You’ve said scoring for TV and film are entirely different. How so?
Scope! I think there are things that I would do for a film that would feel a little too weighty for a TV show. I tend to be very sensitive to these types of things.
You’ve been well loved for your work on comedies, but have also done dramas and in recent years, the superhero/sci-fi show Black Lightning. Can you talk about the process of stretching yourself to do that type of work? What was the transition into doing it like and how did you accomplish it?
I was very disappointed for a long while that I didn’t get to do dramas. I once thought that I never would. Then, after working really hard to change the perception of what I could do, I started getting dramas and they just kept coming! These days, most producers think of me more as a drama guy and are actually surprised when they see me do something comical. I still love doing comedies though! I need the laughs in my life! I’m currently having a great time back on CBS with their new hit comedy The Neighborhood. As for Black Lightning (CW), it is one of the most exciting and most challenging scores that I’ve ever had the pleasure of doing. Showrunner Salim Akil gives a lot of latitude to me and the musical team, but at the same time, he is so completely immersed in all things musical with this show! I love his challenges and his direction. I hear him in my head while writing each cue! It’s been one of the best artistic situations ever. I’m so gratified to hear every week how much the fans are liking what we do!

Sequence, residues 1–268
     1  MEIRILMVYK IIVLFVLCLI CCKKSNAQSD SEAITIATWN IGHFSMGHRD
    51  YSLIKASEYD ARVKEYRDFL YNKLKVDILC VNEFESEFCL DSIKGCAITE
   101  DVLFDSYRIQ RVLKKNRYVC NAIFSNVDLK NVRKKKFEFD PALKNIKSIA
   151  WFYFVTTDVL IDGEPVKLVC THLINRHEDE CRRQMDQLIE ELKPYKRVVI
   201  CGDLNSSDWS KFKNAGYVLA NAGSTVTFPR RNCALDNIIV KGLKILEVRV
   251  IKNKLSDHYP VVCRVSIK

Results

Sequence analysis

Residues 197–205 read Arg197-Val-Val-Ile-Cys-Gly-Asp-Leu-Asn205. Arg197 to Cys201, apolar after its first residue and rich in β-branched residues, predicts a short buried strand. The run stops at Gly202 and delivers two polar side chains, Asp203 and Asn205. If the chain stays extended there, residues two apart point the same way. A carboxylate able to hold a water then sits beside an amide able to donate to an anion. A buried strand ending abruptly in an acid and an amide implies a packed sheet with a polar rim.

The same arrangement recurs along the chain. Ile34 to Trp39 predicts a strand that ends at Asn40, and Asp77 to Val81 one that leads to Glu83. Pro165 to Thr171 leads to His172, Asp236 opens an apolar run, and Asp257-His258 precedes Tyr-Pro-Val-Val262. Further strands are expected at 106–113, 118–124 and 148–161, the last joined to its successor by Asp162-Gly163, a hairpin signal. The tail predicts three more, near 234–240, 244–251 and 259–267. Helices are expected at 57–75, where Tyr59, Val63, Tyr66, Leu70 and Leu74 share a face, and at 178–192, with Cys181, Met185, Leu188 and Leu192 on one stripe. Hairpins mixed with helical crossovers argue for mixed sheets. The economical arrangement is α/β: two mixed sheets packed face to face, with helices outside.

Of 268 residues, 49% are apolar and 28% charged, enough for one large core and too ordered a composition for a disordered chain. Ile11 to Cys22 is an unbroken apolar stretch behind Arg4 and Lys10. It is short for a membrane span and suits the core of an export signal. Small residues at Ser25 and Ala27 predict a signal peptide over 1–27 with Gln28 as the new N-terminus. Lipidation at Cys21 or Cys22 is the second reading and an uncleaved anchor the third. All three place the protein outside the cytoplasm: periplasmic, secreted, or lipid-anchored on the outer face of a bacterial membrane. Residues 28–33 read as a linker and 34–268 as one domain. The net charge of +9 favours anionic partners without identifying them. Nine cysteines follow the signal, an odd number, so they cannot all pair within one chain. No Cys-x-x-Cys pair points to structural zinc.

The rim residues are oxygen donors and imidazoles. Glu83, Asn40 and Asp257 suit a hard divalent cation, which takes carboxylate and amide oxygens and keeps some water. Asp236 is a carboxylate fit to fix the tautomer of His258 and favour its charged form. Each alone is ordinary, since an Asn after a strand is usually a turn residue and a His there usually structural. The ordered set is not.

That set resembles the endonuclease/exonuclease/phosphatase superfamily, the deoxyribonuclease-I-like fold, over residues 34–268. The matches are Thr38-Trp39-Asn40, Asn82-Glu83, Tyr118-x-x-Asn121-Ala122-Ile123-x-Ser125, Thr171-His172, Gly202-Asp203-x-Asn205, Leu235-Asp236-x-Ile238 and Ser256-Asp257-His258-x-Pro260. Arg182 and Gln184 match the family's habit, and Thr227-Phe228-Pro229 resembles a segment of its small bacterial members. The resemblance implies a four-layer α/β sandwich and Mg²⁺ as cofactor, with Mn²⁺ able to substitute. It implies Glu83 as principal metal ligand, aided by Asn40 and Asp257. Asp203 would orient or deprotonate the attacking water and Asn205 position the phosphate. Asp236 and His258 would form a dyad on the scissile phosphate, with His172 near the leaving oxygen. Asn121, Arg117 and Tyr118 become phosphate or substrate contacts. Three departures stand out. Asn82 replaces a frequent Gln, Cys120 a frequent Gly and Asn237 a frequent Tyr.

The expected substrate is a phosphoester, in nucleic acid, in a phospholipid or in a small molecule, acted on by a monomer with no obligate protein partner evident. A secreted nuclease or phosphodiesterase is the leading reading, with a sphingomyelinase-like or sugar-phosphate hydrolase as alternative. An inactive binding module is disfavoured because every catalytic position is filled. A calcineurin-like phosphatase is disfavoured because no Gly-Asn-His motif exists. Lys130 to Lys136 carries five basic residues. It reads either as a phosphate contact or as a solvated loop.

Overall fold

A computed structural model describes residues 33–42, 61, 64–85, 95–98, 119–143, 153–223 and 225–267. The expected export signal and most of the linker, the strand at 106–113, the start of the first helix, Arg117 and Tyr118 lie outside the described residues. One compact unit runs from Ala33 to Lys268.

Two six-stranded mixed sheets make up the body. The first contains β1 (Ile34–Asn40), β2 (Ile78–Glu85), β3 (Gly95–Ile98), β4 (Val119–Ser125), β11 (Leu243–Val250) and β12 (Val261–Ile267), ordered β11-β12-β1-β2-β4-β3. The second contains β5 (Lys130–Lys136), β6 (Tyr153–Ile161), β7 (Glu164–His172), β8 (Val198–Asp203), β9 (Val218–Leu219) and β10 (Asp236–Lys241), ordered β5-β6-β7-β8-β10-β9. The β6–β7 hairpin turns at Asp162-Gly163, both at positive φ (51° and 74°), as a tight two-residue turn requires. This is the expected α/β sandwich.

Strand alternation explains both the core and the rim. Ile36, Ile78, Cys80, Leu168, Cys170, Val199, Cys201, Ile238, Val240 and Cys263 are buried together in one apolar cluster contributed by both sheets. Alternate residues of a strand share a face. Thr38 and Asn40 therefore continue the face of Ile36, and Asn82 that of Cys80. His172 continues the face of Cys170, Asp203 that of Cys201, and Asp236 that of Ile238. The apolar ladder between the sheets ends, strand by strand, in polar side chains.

What’s your most memorable encounter with a fan? What kinds of things do they tell you about your scores and theme songs?
True story: one of my new team members, Deja Seigler, told me last Halloween that she needed to get a recording of the Moesha theme song, because she was going to play it on a boom box as she went to Halloween parties in her Moesha costume. Moesha was her favorite show! I thought that was pretty cool and amazing that she ended up working here with me!
It’s always been really sweet when folks meet me and say how important certain theme songs have been for them. How they’ve grown up on my music and now a totally new generation is relating to what I do. It’s really humbling!
What would you like to do next?
I want an A-list Marvel feature! I’m certain that I would bring something truly special and different to that space. That, and I would love to see the look on the faces on my two young boys, True and Kamen, at that opening night! I won’t stop until I get it, so Marvel, you may as well make that call now!!!
You’re a seven-time BMI Award winner! How has being part of the BMI family impacted your work, your creative process and your extensive career?
I’ve always said to younger composers… real support is key! Support from mentors and friends, true believers and family. BMI is family and you will need them just like I did and always will!